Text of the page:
Mayor Domenic Sarno met with the media to discuss Ad Hoc Committee member and School Committee Vice Chair Joesiah Gonzalez’s objections to the superintendent search process at a recent press conference at City Hall. Expressing his frustration, Sarno said, “I’m sick and tired of this bulls**t” and accused committee members of trying to push their own preferred candidates.
Reminder Publishing photo by Chris Maza

SPRINGFIELD — Following weeks of discussion over potential concerns within the superintendent search process raised by residents, School Committee members and Screening Committee members, some have now raised the possibility of restarting the search process.

At the April 22 Ad Hoc Superintendent Selection Advisory Committee meeting, Ad Hoc Committee member and School Committee Vice Chair Joesiah Gonzalez stated that he had “concerns that this [search] process may have already been breached and that there may be a need to restart this process.”

In his explanation, Gonzalez referenced an April 13 press conference conducted by Mayor Domenic Sarno with Superintendent Daniel Warwick as well as Ad Hoc Committee Chair and School Committee member Chris Collins. During this conference, Sarno accused Gonzalez and other School Committee members Barbara Gresham, Denise Hurst and LaTonia Monroe Naylor of trying to push preferred candidates in the superintendent process. Sarno also suggested that one of the rejected candidates was a relative of Gonzalez.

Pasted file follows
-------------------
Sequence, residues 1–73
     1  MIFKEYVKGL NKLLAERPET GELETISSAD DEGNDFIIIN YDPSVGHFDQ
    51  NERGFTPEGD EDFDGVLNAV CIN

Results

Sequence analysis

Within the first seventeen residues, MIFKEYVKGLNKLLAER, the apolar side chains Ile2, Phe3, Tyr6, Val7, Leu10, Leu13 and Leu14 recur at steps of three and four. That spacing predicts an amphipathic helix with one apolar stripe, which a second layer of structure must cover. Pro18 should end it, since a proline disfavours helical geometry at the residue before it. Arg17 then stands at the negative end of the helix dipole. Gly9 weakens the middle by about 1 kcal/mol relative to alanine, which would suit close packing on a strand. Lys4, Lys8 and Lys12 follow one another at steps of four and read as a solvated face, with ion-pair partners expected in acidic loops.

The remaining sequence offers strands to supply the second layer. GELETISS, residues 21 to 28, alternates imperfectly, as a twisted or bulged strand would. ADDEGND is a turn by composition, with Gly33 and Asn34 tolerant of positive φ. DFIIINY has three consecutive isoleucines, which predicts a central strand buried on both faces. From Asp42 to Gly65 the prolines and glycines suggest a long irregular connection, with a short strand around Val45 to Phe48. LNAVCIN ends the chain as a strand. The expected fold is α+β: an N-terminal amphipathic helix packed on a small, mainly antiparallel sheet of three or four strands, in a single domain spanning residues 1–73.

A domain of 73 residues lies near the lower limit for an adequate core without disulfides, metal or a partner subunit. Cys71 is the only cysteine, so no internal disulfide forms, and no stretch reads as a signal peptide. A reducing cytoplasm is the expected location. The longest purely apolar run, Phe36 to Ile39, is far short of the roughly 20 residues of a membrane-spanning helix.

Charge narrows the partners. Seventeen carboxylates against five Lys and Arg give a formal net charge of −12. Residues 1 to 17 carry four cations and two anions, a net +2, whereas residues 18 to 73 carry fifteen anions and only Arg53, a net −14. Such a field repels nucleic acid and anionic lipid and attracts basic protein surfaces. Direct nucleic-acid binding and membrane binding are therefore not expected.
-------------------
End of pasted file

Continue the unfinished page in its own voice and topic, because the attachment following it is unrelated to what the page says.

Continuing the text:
These members had previously requested that the 11 complete superintendent applications be evaluated by the Screening Committee even though six had been labeled as failing to meet the position’s requirements by the committee-approved legal assistance.

The proposal was first made by Gonzalez in an April 4 email sent to the Ad Hoc Committee after members of the Screening Committee expressed interest in this idea at their April 3 public meeting.

Within this email, Gonzalez also proposed the Ad Hoc Committee consider voting to have one student from the student-elected Springfield Public Schools Student Advisory Council join the Screening Committee, ensuring student representation in the process.

After Gonzalez’s attempts to place these considerations on the Ad Hoc Committee and the full School Committee agendas were denied by Collins and Warwick, respectively, due to needed legal advice, he and the other School Committee members in support of the considerations choose not to attend the April 12 School Committee meeting. In the announcement of this decision, Gonzalez stated in an April 11 release that Sarno and Warwick “have hijacked the agenda of a public body.”

The four members again emphasized this point during the April 25 School Committee meeting when they walked out of the meeting in protest to the considerations not being placed on that night’s agenda. Their exit was met with applause from audience members. In statements prior to their exit, members stated that Sarno owed them a public apology for name-calling that occurred at the April 13 press conference. Gresham later returned to the meeting in order for the field trip approval and teacher recognitions to proceed as scheduled.